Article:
Nanaimo city officials want to ensure there is enough time for council and the public to consider a proposal for a foot passenger-only ferry service between downtown Nanaimo and Vancouver.
Details of the plan were revealed at Monday's committee of the whole meeting by Island Ferry Services Ltd., a Vancouverbased consortium of investors behind the business venture.
David Marshall, one of three principals in the company's core management team, told Mayor John Ruttan and council that IFSL aims to establish the service by spring of 2014. The group has already secured two Damen DFF 4212 catamaran vessels capable of seating 376 passengers each. Operations would be based in Nanaimo and run short-term out of a terminal building on city-owned land at 1 Port Dr., currently leased to GADD Marine. The group is seeking a 20-year lease for the land with renewable terms of 20 years each, plus a partnering agreement with the city. IFSL is offering the city revenue streams from the project, including a $0.25-per-passenger head tax, lease revenue and half of parking revenues on city land.
IFSL also wants the city to forgive up to $125,000 per quarter ($500,000 per year) from that revenue for the first five years of operation. IFSL also wants to 'bank' any amount of the revenue below the $125,000 and set it against future years.
Marshall said Monday that IFSL is seeking to establish 370 parking spaces in the area, although much of those spaces would be on Canadian Pacificowned land south of Port Drive. Coun. Fred Pattje sits on the South Downtown Waterfront committee, which was formed to develop a long-term vision for a large waterfront area, including Nanaimo Port Authority lands, CP lands and half of CP's Wellcox rail yard, purchased by the city late December. The IFSL terminal would fall within the area, as does the Seaspan ferry terminal, where IFSL aims to relocate their operations at some point in the future.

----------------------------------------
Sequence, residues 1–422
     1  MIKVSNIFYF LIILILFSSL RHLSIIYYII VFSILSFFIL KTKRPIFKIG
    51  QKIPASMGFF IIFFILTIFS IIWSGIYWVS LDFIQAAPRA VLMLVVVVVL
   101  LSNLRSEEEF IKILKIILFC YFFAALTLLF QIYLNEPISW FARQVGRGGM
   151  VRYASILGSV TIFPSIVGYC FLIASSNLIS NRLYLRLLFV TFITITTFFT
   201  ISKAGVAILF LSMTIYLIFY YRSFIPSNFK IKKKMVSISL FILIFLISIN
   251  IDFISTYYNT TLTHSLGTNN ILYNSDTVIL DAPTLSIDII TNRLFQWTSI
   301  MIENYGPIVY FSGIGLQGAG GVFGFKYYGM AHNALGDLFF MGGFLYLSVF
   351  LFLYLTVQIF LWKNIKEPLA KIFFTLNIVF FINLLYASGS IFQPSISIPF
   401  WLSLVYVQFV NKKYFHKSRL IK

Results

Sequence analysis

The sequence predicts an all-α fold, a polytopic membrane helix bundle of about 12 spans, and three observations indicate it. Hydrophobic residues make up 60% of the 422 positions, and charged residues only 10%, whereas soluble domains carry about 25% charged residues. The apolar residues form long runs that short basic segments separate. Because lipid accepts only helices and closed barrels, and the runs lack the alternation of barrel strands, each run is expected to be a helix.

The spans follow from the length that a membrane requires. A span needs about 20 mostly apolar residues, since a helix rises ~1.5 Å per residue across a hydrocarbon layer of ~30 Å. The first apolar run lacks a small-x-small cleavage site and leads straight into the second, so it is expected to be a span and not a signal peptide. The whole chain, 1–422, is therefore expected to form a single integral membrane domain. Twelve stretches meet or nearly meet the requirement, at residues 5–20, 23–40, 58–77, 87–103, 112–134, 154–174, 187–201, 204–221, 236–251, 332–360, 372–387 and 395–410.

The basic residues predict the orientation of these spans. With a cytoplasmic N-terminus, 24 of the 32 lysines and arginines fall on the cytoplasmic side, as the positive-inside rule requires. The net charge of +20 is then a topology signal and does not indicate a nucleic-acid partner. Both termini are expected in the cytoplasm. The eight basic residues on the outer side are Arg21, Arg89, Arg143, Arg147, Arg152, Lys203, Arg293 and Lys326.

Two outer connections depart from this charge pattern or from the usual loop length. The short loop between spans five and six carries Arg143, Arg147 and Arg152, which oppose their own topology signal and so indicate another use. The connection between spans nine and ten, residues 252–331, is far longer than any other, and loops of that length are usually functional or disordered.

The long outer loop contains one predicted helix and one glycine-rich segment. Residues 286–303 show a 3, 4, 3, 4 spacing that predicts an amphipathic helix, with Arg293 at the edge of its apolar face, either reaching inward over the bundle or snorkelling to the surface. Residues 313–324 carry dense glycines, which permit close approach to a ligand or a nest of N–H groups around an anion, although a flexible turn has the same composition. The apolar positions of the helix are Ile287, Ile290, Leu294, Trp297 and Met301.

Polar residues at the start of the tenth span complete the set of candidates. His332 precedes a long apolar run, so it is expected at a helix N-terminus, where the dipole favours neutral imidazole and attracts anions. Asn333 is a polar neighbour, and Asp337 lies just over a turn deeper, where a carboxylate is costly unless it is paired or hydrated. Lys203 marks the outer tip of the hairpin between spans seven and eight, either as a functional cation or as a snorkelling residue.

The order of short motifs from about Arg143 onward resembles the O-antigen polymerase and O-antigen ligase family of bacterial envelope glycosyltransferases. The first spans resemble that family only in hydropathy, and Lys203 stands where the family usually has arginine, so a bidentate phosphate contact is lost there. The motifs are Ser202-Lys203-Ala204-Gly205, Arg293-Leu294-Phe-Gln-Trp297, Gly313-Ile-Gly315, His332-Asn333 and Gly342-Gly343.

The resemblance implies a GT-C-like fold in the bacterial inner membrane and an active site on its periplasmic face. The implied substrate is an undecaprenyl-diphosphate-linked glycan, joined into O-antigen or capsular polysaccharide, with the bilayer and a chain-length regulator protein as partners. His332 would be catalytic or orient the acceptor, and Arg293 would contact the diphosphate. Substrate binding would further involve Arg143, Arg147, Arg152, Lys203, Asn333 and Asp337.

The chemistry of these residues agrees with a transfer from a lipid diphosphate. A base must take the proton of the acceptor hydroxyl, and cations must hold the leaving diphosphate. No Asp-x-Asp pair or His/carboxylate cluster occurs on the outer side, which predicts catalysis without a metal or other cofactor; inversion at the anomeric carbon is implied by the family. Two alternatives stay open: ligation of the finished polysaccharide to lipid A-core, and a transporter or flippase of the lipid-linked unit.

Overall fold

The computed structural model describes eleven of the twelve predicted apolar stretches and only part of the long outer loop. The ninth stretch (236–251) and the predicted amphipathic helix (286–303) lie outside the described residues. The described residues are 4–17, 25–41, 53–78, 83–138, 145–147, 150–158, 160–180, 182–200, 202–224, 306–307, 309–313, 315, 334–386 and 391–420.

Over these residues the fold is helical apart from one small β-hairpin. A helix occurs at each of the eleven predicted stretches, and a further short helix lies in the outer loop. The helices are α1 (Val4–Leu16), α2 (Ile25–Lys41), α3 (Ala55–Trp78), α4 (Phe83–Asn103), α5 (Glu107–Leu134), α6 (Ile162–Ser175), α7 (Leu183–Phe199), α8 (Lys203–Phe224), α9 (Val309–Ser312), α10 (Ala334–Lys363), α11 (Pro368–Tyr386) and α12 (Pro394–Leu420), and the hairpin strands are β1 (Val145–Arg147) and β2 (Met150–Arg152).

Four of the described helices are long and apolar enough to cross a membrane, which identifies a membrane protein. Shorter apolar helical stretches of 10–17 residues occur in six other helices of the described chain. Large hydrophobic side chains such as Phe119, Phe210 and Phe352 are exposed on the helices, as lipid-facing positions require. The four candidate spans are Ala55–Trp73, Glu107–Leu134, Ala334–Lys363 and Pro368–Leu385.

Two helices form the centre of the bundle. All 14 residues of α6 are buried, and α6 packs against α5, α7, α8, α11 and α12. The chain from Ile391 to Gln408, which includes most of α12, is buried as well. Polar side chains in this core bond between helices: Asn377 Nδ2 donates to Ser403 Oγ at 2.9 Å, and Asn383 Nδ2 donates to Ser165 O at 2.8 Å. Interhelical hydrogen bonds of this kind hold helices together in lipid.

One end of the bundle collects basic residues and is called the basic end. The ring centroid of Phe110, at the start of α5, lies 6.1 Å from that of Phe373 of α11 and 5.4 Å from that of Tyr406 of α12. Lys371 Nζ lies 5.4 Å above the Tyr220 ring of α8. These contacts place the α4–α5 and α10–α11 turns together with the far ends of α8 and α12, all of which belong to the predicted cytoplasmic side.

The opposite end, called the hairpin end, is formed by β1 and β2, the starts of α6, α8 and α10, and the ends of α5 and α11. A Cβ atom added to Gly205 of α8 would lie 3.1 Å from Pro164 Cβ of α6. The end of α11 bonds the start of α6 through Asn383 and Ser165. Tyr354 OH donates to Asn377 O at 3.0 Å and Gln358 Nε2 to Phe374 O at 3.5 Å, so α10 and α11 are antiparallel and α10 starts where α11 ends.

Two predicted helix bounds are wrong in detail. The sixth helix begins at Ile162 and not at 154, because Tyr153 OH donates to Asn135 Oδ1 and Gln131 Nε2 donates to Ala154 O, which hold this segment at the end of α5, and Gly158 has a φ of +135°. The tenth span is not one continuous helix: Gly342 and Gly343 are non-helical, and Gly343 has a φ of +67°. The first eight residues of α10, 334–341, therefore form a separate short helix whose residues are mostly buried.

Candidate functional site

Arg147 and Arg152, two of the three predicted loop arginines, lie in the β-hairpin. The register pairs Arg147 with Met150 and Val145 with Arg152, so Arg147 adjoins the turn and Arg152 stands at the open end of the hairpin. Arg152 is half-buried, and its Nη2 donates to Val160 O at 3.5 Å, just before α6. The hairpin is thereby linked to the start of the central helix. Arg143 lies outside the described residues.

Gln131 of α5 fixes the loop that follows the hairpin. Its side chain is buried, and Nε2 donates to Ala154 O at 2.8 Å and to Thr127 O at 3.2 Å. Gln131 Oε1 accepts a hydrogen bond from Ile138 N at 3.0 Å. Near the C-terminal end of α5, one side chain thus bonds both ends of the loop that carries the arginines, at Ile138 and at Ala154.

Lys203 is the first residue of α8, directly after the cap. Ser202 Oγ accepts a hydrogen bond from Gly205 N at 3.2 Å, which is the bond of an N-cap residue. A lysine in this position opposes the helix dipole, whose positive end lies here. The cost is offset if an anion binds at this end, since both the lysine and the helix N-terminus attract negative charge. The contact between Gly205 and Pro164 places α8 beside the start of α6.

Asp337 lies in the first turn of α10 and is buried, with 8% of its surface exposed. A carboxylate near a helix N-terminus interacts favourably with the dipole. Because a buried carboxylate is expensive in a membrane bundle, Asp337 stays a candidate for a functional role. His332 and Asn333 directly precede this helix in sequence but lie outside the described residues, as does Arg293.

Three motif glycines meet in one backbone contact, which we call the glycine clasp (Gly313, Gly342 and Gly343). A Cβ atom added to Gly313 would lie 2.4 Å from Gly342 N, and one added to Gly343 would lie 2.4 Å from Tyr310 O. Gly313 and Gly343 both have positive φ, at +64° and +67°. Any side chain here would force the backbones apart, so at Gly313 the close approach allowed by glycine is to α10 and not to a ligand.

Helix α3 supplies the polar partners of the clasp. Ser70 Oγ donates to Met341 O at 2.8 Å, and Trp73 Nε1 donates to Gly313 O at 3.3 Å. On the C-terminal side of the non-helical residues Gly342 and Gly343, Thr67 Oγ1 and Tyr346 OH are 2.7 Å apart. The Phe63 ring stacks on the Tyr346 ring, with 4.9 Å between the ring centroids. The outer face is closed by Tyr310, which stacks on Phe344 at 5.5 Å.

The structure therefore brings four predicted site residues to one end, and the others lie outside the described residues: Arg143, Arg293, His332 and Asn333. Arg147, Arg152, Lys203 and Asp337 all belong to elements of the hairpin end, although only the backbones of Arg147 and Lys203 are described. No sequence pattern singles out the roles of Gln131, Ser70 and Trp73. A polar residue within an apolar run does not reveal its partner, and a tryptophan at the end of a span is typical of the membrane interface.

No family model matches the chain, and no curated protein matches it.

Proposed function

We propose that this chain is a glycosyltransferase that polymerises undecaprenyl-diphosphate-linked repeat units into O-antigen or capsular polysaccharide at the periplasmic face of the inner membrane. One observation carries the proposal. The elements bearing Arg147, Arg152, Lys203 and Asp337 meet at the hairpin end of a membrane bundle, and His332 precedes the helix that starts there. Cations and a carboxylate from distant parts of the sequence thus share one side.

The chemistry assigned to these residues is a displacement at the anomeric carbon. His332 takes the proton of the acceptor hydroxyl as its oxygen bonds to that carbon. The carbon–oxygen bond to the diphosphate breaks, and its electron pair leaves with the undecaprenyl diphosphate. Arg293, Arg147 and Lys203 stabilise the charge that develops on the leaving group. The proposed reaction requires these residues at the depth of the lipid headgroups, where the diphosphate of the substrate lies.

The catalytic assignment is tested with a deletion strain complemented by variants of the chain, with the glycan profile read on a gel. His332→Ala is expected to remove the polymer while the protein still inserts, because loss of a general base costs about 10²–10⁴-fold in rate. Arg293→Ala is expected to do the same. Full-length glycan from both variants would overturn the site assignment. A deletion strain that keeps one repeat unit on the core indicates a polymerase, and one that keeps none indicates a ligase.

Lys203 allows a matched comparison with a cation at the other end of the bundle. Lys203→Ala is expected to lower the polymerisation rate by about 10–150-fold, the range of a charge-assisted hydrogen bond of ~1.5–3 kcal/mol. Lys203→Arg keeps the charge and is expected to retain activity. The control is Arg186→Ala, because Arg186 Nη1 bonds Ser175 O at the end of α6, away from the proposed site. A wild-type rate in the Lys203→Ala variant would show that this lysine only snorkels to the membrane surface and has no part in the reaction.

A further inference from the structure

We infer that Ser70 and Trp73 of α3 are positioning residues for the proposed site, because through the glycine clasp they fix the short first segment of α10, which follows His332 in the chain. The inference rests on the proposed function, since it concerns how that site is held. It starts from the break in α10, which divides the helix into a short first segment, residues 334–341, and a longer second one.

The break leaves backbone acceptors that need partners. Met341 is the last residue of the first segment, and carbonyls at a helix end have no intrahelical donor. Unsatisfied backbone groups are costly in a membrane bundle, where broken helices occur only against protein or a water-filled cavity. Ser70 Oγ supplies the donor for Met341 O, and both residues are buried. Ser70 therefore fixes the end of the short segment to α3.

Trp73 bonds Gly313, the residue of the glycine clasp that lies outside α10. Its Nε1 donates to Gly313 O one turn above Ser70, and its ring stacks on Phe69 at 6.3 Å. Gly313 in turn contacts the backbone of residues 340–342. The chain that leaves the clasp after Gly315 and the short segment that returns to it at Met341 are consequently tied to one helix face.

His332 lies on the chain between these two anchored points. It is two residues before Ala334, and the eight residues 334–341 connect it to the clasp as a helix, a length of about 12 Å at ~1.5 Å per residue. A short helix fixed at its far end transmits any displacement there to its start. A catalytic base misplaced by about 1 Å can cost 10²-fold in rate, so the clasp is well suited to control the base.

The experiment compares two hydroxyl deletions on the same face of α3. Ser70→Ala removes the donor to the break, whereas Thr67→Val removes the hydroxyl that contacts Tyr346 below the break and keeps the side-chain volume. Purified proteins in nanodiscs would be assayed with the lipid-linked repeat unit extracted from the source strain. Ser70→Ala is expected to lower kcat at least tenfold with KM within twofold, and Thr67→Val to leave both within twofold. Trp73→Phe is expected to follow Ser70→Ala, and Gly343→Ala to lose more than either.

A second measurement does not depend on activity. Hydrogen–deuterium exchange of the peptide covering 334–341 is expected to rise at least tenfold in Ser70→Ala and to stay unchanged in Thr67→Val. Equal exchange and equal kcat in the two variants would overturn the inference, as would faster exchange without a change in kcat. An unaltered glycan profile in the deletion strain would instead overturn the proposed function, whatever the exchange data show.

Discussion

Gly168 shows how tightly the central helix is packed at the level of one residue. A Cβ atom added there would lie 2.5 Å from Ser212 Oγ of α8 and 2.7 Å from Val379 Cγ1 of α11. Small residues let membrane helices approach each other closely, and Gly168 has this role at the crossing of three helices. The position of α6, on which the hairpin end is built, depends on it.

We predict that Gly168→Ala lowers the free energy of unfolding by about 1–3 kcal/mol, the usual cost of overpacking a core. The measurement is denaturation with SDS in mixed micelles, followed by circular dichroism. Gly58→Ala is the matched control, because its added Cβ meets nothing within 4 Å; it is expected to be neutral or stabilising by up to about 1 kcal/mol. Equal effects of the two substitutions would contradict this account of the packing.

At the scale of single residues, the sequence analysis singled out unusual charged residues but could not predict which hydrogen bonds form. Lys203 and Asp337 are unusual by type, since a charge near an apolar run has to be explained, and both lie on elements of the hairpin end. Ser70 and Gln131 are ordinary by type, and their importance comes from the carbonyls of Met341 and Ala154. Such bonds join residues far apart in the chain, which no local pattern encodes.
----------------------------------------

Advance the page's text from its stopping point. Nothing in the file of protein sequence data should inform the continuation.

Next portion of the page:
Pattje said he does not expect the foot ferry proposal to impact the downtown waterfront process, although he said he is not convinced that parking would be a good use for land in the area.
Nor is the waterfront committee necessarily the best platform for the public to voice their questions about the project, he added. "For council to be updated as we were yesterday was appropriate and probably a bit overdue, but that's the nature of the beast sometimes," he said.
The city has identified a new transportation hub as a primary use for the Wellcox lands.
Council and the community needs "ample opportunity" to consider the proposal and its consequences, said Ian Howat, Nanaimo's acting general manager of corporate services. "We're basically starting from scratch, in many ways, with the public (on this)," he said.
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